I don’t habitually read the obituaries. Too reminiscent of past visits to my ex-mother in law in Liverpool, when the current score of Liverpudlians who had pegged it since our last visit would be ritually read out in football results fashion.
Still, it does form part of what we term ‘news’, so it does seem to be a valid part of the rolling news service – there will be those who need to know that Robin Williams has ‘left the stage’.
I’m supposed to say ‘so tragic to hear that Robin has died’ at this point, or even ‘devastated to hear’ – but how could I be? I never met the man, I don’t know any of his family, I may have watched one of his films at some point, but that is my sole connection to him.
J J Murphy died too – aged 86; still filming for a major television series – The Game of Thrones – yet his death was merely quietly reported, totally unlike the wall to wall coverage of Robin Williams death.
I thought there were supposed to be guidelines on the reporting of suicide? Particularly during that period when it was only ‘believed to be suicide’. It would seem that they are being ignored, if they exist.
Last night’s coverage of the ‘Robin Williams story’ – for that is what is has become – was particularly extreme. Live coverage of the press conference given by the LA coroner? Really? Does anybody outside of his family need to know the exact details of how he died? Perhaps those who wish to emulate the manner in which a celebrity took his life?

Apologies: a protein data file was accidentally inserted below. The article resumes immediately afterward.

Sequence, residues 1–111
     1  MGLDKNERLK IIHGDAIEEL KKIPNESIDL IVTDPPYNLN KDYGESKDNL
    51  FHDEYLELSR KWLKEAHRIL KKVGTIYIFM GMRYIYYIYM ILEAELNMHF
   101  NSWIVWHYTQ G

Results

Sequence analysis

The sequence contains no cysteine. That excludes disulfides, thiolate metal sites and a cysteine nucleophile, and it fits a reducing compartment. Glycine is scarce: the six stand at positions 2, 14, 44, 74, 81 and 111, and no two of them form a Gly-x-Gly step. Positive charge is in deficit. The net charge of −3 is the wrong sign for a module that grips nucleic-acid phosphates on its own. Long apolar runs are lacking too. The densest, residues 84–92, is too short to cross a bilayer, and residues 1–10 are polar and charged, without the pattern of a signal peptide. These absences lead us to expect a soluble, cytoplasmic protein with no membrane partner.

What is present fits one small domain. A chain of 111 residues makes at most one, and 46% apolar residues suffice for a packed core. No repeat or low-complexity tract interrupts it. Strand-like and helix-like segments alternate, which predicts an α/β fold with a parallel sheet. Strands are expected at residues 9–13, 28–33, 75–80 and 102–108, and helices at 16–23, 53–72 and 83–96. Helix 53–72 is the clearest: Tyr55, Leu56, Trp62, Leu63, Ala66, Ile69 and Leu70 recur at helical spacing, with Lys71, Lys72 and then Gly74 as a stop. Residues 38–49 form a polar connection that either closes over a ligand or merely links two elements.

Followed by – a wall sized interactive graphic of the world, plotting the ‘clusters’ of ‘social media users’ retweeting ‘RIP Robin Williams’. That really is ridiculous – anybody who is interested in what social media has to say, is already on social media, and knows exactly what they have to say. The fact that ‘Jean-Claude in Paris’ was the first person in France to say ‘RIP Robin Williams’ or ‘Mustapha Ouank’ in Dubai was ‘devastated to hear’ isn’t news.
It is a gross wallowing in key words.
As for Alistair Campbell being commissioned by the Huffington Post to tell us how desperately sad it was that a man should be driven to suicide – words fail me. Except for two. Dr Kelly. A more inappropriate commentator would have been hard to find.
Is it really more newsworthy that a known celebrity ‘substance abuser’, to quote Sky, should have decided to take his own life, than that a great Irish actor who has quietly worked right up to the age of 86, facing life’s challenges without the support of drugs or drink or therapists, has also died – and it’s not worth mentioning?
What curious values drive the Sky news team.
*Ms Raccoon is off to the hospital in Bordeaux this morning with her friend – so there will be no one here to release your comments from moderation if you put more than one link in them.